Finally Nancy tells us about her involvement in Peter Meineck’s project Ancient Greeks/Modern Lives which is designed to bring Greek literature to new audiences by organising a series of staged readings, lectures and discussions.
Click on the image below or the following link to watch our interview: http://youtu.be/5gTj1CA4RAE
The final video in our series on ancient religious scepticism features the acclaimed historian, author and broadcaster Dr Bettany Hughes in conversation with Professor Tim Whitmarsh. Bettany’s recent book takes as its subject the Greek philosopher Socrates, who in 399BC was put on trial for impiety (asebeia in Greek) and subsequently executed. As Bettany explains here, Socrates was deeply suspicious of the written word, which is why our historical evidence about the man and his (dis)beliefs come from other contemporary and later writers. In particular, Tim and Bettany discuss the work of Aristophanes, Plato and Xenophon, exploring how these writers’ rather different portraits of the great philosopher may have been shaped by their own literary and political agendas. Bettany also moves beyond the theme of religious scepticism to share some of her thoughts about why the figure of Socrates has such an enduring appeal, and our mini-series ends with a simple but powerful reminder of the basic Socratic values: to love one another, to share our ideas, and to care about those around us.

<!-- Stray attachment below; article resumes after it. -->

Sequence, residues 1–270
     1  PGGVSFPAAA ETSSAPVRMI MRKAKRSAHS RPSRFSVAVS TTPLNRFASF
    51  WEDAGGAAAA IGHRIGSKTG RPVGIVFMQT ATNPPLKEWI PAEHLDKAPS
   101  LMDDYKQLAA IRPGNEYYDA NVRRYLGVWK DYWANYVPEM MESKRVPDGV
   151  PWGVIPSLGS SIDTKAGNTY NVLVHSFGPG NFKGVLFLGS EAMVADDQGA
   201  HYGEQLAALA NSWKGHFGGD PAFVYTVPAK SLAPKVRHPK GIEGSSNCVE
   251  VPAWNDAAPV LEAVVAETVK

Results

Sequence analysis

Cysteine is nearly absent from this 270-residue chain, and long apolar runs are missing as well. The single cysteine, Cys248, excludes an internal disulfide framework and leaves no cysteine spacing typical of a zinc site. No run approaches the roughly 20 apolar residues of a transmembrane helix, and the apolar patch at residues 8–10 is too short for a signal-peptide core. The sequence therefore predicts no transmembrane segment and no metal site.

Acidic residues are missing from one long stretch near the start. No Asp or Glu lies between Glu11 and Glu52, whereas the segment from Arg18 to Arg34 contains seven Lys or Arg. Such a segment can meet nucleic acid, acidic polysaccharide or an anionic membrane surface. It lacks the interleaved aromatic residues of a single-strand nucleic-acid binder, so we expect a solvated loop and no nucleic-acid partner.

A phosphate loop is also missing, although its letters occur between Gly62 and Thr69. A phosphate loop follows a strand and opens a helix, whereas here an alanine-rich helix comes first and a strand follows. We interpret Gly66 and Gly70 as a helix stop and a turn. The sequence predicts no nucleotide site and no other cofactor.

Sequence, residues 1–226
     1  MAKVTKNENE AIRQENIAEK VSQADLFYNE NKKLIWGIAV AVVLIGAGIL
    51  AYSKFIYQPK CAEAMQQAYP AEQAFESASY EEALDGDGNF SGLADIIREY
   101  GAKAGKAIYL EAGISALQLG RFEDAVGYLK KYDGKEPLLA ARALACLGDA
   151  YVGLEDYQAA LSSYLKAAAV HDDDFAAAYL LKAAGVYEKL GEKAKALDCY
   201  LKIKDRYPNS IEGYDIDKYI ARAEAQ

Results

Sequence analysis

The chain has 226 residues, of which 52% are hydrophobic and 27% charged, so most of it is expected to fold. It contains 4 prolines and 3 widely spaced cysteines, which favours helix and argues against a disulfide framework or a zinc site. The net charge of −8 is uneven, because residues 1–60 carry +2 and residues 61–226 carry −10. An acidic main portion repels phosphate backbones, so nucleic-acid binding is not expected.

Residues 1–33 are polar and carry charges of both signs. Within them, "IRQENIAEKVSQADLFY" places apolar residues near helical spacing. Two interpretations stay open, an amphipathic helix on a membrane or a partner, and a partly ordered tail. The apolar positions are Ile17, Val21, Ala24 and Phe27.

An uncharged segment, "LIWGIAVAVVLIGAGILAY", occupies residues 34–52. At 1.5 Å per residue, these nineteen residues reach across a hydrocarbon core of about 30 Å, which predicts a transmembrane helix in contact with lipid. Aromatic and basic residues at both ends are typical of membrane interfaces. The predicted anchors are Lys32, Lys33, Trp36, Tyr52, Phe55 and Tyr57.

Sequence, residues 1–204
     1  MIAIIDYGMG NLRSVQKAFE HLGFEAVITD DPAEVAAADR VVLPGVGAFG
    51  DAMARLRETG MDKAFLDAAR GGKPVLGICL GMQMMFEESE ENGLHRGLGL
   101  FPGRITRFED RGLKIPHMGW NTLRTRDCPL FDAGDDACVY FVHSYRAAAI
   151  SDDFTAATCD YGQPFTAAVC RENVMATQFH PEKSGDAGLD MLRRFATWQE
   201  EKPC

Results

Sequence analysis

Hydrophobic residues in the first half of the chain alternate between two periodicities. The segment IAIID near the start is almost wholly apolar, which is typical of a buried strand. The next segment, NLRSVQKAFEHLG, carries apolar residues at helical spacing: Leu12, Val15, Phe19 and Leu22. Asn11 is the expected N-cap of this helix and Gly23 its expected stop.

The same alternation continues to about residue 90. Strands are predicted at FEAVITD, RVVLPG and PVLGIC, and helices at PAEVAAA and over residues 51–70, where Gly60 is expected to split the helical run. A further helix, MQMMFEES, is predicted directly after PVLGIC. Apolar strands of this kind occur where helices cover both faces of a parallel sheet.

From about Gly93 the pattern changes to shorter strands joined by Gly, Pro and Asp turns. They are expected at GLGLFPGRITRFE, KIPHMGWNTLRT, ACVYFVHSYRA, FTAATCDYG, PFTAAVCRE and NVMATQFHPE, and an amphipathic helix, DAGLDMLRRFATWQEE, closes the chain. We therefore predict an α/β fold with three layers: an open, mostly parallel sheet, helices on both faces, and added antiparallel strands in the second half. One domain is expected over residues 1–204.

For Bettany’s current and future projects see http://www.bettanyhughes.co.uk
Click on the image below or follow this link to watch our interview!
In the third interview in our series on ancient religious scepticism, Professor Tim Whitmarsh talks to Professor Francesca Stavrakopoulou from the University of Exeter about monotheism and disbelief in the Hebrew Bible, or Old Testament. They discuss how these slippery concepts might be seen to intersect with the historical events of the formative ‘Persian period’ (mid-6th to mid-4th century BCE), when Cyrus the Great allowed Jerusalem elites to return to their city after a period of exile in Babylon. Professor Stavrakopoulou explains how the issue of belief vs disbelief is a Christian, confessional notion that cannot be easily retrojected onto the world of the Hebrew bible – a world that was, we discover, animated by debates about the relative power and strength of different divine beings. And she goes on to sketch the polytheistic backdrop to early Judaism with reference to the intriguing storyline of the Book of Job, in which we find Yahweh at a council of deities to test the religious steadfastness of the book’s unlucky protagonist….